My adolescence was constrained, in many ways, by the fact of my father's illness. I see that now. Even though I was quite 'rebellious', and I did experiment and push boundaries and explore my interests, I was constantly aware of the limits. If I stayed out too late, or was in a belligerent mood, I felt guilty about what this would do my father, either directly or through the effect on my mother's mood. I don't think my parents ever explicitly constrained me by using guilt, but I felt it anyway. For the simple reason that whether they made me aware of a connection or not, I could see it myself. When my father was upset, or especially angry (as the parents of adolescents sometimes are!), he felt chest pain. There was no need to remind of this connection because it was exceptionally visible. 
So I was split. 
I was (and remain) quite strong-willed, and with diverse interests, and with a strong sense of adventure and fun. 
But I was also relatively considerate and reasonable (compared to some of my less constrained peers).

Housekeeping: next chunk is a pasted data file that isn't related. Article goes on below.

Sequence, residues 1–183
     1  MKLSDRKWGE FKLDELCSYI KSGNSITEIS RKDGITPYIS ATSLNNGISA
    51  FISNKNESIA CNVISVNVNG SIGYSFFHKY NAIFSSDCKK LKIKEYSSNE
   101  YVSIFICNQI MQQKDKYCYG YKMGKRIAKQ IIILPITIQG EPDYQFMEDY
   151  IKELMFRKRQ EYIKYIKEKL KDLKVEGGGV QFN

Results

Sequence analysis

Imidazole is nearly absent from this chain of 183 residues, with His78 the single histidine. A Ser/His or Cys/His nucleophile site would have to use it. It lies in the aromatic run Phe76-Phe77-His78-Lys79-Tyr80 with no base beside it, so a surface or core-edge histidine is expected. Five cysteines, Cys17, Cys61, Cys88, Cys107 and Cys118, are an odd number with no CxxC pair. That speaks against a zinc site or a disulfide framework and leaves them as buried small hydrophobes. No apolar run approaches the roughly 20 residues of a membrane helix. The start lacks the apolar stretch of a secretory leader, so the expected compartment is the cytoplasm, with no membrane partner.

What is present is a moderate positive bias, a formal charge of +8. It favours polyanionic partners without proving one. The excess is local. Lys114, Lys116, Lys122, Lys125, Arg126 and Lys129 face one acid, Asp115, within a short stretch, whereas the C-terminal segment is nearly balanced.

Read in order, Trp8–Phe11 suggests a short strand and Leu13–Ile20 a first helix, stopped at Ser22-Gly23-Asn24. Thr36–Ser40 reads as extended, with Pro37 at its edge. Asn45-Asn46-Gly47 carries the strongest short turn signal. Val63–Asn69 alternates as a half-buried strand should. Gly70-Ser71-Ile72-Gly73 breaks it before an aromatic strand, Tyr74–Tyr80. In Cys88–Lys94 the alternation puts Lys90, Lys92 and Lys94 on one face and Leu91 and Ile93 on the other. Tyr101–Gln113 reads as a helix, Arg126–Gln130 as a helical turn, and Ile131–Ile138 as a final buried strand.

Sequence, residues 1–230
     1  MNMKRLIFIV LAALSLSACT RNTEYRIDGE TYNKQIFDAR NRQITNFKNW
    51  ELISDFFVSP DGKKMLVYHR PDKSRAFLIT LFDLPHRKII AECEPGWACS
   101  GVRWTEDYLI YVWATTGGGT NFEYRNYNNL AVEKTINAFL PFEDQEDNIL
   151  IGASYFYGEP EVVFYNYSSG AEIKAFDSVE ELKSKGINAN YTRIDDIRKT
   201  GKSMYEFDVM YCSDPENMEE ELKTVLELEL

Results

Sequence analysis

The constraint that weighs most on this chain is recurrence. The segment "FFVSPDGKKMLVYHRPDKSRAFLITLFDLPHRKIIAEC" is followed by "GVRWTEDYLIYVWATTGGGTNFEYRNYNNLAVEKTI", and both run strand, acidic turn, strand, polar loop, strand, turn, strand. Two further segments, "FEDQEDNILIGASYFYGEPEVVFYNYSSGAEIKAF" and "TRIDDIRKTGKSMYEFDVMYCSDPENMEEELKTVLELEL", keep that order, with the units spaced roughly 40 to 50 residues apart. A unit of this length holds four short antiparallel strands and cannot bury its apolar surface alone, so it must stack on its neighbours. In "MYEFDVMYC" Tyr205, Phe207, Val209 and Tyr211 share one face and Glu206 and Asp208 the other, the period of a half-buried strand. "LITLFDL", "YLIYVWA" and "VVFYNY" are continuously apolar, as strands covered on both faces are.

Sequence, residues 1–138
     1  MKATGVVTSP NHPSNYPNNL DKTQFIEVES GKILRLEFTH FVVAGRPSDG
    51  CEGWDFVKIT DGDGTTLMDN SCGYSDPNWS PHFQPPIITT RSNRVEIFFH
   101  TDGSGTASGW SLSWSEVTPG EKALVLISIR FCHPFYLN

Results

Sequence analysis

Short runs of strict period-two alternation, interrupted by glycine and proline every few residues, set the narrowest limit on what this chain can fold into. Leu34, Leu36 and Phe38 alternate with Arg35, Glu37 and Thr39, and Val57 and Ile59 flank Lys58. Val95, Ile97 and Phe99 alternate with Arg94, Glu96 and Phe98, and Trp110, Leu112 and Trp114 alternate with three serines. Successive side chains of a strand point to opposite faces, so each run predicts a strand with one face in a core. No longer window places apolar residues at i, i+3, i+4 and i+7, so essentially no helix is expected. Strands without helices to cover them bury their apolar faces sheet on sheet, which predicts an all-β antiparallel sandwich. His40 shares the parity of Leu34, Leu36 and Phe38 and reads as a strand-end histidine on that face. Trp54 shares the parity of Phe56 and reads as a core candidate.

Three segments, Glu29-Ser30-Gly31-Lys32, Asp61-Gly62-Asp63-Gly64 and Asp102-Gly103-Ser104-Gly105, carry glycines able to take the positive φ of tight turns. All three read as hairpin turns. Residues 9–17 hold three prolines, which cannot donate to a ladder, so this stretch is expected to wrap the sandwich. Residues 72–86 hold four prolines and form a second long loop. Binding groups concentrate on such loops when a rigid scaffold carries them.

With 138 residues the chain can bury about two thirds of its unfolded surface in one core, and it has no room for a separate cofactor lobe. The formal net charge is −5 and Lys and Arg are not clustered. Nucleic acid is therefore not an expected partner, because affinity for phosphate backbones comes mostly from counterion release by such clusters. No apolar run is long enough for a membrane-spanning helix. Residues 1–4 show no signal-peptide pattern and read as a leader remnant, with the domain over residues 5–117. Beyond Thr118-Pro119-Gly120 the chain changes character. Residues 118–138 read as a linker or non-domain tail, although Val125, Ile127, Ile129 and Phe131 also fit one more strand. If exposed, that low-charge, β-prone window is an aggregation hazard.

Of course, this was a good thing at the time, but I start to wonder now whether I sometimes lose the balance between being considerate of my parents' needs and being aware of my own. 
Sometimes I brush aside things I really want to do when I'm at home, because I imagine that I am needed there to help, to be a constant 'rock', to not impose any demands, to not express any desires. 
Recognising this (on the threshold of 30 - late-onset anyone!?) feels like the first step towards becoming more than just a support for my father's illness (though of course that is important to me too). Towards becoming a person outside of that, and not just at the margins.